What happens if a motor is not supplied required amps?

1. Jul 5, 2012

MHassaan

Hi everyone,

I am in a situation where I need to run two 3000RPM, 24V, 15A DC motors from one 24V, 23A switching DC power supply, rated at 600W.

Firstly, the power supply has three sets of DC outputs and one set of AC inputs. By sets I mean one positive and one negative. This means I can power three different circuits from it. What I am confused about is how much power each of the motors can receive if they are connected to separate ports. Will I get 24V, 23A at each port? Or will the voltage be same but the current shared across the motors?

The second thing is, if each motor receives only half the current (11.5 amps), and 24V, what effect will that have on the performance of the motors? Will it decrease their max RPM or torque or both, and by estimated how much?

I am a complete beginner in electrical engineering so please go easy on me...
Thank you very much for all your time!

2. Jul 5, 2012

psparky

I'll just take some guesses for fun......I have learned to enjoy being wrong. Take this advice with a grain of salt and wait till great minds prevail. Still, just for fun....

Have you tested the 4 outputs with a volt meter....or at least a small light bulb?

Does it have voltage at each port all the time....or only one at a time as "switched" implies?

If it is only one at a time, you should be able to still run two motors in parallel. AC motors hate drops in voltage...but a DC motor should run at just slightly less RPM and torque. Why do I say this? Because I remember playing with tyco trains as a youngster and watching the train speed change with the change in the throttle....voltage I presume.

24 volts X 15 amps = 360 watts...X 2 (motors)= 720 watts. 600/720 = 83%

But I think you might burn up your power supply if you are constantly running it maxed out at 600 watts all the time.
You can safely run one motor off of it.....I think everyone will agree with that.

Last edited: Jul 5, 2012
3. Jul 5, 2012

skeptic2

You really should contact your suppler about this question. You risk damaging the power supply and possibly the motor if you are wrong about how the power supply works. Find the manufacturer on the tag attached to the power supply and look it up on the internet to get the phone number. When you call ask for technical assistance about [model number] power supply.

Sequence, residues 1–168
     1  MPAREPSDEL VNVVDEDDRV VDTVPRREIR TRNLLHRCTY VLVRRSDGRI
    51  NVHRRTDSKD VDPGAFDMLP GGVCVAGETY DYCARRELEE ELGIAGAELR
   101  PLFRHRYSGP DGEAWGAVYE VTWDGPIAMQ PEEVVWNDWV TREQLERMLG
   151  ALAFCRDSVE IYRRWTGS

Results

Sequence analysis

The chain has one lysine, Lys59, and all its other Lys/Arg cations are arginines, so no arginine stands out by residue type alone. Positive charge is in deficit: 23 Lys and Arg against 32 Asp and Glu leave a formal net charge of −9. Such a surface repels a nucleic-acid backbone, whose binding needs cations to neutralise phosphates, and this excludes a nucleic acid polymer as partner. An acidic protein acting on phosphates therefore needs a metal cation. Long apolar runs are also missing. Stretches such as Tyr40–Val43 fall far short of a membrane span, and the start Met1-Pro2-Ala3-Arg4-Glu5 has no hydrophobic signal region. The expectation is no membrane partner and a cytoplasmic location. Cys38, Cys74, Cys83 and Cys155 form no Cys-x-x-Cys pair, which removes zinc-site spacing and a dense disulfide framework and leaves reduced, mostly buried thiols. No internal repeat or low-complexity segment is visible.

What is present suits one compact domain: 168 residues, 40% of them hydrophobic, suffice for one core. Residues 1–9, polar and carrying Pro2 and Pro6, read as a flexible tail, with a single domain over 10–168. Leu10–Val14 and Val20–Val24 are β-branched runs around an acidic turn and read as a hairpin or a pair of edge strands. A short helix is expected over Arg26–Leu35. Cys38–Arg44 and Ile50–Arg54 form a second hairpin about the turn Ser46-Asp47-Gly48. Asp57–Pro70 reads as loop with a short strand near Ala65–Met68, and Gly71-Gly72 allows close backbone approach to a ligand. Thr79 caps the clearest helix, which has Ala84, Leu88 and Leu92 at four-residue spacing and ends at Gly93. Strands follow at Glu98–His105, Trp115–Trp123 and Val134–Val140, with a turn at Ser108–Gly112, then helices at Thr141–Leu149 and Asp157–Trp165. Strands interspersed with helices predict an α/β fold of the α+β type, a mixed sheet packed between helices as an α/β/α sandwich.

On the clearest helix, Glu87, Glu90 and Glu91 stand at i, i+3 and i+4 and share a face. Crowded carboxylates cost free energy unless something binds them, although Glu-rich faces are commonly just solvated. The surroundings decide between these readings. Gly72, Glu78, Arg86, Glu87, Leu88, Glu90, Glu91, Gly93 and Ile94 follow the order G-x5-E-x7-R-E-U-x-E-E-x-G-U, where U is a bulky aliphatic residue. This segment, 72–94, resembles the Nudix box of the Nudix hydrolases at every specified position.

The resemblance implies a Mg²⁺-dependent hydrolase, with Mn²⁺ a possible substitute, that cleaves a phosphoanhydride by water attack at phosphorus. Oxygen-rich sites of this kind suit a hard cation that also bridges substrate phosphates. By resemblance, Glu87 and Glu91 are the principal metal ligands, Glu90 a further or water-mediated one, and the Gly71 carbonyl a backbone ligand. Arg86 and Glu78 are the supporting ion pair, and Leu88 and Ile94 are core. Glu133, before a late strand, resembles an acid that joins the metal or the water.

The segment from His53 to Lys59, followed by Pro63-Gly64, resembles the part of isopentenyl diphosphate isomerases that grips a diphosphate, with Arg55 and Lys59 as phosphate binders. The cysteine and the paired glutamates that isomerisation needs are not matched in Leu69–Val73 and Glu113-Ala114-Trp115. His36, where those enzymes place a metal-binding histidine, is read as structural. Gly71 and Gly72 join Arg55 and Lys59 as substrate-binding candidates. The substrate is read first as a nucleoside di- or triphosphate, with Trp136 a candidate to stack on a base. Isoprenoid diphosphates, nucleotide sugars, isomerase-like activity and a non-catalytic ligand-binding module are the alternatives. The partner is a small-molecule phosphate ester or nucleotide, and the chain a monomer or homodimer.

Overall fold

The max RPM is determined by the voltage across the motor and the current determines the torque.

As long as the load doesn't require more torque or current than the power supply can deliver you should be alright. What happens when you exceed the max current of the power supply depends on the power supply. It may blow a fuse or it may lower the voltage, and therefore the speed of the motor until its current is sufficient to drive the motor at a lower speed. If that speed is zero RPM or a stalled motor, the motor will heat up and you could destroy the motor. If the power supply has no internal protection it could also blow the transistors in the supply.

Last edited: Jul 5, 2012
4. Jul 5, 2012

256bits

Your 24 v, 23 A is 552 W - 600 W is the nominal rating.

If the three DC outputs do not have seperate ratings of volts, amps, watts then they are most likely not seperate circuits, but internally connected and the outputs are just supplied to you for your convenience. Check the ratings tag on a standard swithced PC power supply to compare.

5. Jul 6, 2012

MHassaan

Judging from all your answers, it is clearly not a good idea to attach the two motors at once to this power supply.

Does anyone know of a power supply with a greater amp rating but the same voltage?